When President Trump announced out of nowhere
that US companies can once again supply key components to Huawei giving the Chinese tech giant more time to develop in-house alternatives, we were all left scratching our heads as to precisely what equipment involved "no great national security problem." More importantly, what constitutes a "great" and not-so-great security problem and who decides where the distinction lies exactly?
As it turns out, Huawei's top executives are just as confused as the rest of the world, still awaiting official guidance from the US Department of Commerce on whether or not its future phones will be allowed to run Android
with full access to Google apps and services. Meanwhile, a new Reuters report
aims to shed light on the DOC's own struggles to understand Trump's intentions and translate them into applicable policies and procedures.
For the time being, you might not be surprised to find out very little is set to change in regards to Huawei's relations with the US government, as suggested by National Economic Council Director Larry Kudlow on Sunday
. Namely, the company is likely to remain on the so-called Entity List, which means its American business partners will continue to need special permission to maintain mutually beneficial ties.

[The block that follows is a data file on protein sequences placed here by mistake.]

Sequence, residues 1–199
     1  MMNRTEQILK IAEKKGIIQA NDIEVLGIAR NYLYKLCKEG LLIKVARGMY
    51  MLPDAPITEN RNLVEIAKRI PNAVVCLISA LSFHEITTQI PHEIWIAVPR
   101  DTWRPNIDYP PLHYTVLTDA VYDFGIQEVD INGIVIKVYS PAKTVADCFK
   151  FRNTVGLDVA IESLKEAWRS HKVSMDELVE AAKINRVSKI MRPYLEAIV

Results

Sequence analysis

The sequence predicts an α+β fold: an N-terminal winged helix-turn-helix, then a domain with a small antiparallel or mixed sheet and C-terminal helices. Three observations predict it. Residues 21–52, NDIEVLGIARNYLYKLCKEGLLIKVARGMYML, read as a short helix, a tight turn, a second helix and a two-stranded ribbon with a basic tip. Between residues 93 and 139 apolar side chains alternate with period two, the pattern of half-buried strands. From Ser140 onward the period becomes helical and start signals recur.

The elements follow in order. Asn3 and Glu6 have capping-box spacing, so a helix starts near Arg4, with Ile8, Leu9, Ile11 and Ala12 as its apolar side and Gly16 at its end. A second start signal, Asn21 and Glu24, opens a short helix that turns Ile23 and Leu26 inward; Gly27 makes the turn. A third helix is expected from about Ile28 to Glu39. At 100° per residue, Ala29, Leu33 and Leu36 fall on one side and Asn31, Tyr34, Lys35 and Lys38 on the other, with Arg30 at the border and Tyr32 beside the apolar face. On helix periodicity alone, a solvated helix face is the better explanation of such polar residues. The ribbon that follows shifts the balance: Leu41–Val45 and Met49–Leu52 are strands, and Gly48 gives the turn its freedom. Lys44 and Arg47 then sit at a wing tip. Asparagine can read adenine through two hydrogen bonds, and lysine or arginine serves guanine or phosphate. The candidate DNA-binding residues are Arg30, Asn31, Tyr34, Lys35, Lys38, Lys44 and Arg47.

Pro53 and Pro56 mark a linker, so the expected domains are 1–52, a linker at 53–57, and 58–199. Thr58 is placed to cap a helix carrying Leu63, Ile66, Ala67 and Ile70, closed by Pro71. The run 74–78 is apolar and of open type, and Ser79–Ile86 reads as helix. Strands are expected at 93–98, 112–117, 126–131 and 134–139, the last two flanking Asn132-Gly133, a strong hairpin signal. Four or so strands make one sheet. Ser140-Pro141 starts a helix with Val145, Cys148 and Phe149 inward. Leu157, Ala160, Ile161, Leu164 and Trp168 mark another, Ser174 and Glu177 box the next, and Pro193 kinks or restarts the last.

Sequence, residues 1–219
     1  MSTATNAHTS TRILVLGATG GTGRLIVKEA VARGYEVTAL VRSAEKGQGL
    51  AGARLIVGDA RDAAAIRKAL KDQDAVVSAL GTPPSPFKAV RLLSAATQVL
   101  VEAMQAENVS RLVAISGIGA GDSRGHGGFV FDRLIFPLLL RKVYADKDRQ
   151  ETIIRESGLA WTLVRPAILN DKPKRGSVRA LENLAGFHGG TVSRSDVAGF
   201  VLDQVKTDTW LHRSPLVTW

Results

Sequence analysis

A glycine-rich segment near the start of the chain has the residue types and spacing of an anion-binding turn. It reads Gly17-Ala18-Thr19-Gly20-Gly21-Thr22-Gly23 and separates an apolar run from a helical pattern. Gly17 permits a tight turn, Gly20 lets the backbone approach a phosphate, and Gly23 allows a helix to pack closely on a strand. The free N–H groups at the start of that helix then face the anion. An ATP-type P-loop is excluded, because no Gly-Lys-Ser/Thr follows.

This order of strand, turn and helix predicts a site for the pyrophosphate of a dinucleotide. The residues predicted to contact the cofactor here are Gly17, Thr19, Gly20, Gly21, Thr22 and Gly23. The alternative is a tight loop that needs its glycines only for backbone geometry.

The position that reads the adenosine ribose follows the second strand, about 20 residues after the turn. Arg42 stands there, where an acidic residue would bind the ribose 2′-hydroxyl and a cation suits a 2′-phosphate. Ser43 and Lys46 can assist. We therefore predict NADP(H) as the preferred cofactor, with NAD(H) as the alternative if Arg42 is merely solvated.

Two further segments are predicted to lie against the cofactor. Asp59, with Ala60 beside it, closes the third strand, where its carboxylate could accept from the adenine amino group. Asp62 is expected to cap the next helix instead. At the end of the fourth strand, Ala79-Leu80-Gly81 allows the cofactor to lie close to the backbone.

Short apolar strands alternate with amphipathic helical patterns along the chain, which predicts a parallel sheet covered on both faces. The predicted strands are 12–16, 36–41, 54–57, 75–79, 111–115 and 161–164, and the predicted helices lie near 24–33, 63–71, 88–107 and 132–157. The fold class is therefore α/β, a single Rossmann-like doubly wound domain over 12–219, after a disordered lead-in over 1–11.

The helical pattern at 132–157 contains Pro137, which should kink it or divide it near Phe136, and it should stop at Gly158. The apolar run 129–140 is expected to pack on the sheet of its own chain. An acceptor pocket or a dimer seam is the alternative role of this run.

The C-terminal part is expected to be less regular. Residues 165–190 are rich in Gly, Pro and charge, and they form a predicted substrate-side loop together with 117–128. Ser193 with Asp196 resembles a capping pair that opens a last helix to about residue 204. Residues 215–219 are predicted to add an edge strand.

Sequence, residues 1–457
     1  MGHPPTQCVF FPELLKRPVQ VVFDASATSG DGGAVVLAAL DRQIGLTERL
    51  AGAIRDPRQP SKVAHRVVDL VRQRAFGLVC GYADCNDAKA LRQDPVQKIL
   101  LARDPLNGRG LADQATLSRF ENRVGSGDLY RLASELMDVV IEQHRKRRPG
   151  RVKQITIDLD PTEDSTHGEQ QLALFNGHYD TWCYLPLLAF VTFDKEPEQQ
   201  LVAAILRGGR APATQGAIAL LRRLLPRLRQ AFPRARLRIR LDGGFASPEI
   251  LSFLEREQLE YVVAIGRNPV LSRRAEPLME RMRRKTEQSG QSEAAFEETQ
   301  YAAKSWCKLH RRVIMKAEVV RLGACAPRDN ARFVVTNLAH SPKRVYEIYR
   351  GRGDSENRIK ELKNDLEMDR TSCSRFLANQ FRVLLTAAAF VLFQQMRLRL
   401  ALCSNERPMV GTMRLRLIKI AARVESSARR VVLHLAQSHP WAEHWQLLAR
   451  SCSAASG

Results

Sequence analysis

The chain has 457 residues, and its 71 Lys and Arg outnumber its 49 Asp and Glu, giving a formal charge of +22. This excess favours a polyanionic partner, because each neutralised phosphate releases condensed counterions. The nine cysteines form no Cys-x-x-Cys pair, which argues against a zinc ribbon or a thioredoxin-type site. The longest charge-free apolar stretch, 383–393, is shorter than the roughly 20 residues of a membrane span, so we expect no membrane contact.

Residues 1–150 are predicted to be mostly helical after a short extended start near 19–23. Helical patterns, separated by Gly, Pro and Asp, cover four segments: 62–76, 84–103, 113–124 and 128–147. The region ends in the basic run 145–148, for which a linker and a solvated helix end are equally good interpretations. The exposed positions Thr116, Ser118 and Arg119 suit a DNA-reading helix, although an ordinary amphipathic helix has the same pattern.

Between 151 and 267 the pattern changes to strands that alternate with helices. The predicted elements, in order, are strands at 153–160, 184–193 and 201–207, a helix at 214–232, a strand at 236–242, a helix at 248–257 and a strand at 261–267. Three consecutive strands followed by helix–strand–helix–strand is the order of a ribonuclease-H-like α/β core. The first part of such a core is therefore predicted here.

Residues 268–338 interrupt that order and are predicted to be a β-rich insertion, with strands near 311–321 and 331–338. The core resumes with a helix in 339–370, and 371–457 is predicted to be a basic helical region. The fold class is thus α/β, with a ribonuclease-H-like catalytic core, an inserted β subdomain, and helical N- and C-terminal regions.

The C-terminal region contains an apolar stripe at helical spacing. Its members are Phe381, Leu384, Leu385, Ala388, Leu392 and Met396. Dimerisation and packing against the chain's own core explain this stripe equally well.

But said permission may only be granted for "lower tech" chip sales deemed a minor national security threat, so it definitely sounds like Huawei is not out of the woods yet. Basically, the company continues to largely be considered blacklisted as far as the Commerce Department is concerned, with most applications to be filed by US businesses for sales licenses expected to be denied.
Curiously enough, Huawei seems unfazed by all the confusion (or at least that's what the company wants
us to believe), remaining focused on "doing its own job right" and seeing little impact on what it's "currently doing" from Trump's vague statements. That almost sounds like Huawei has given up all hope of using Android
or buying chips from Qualcomm and Intel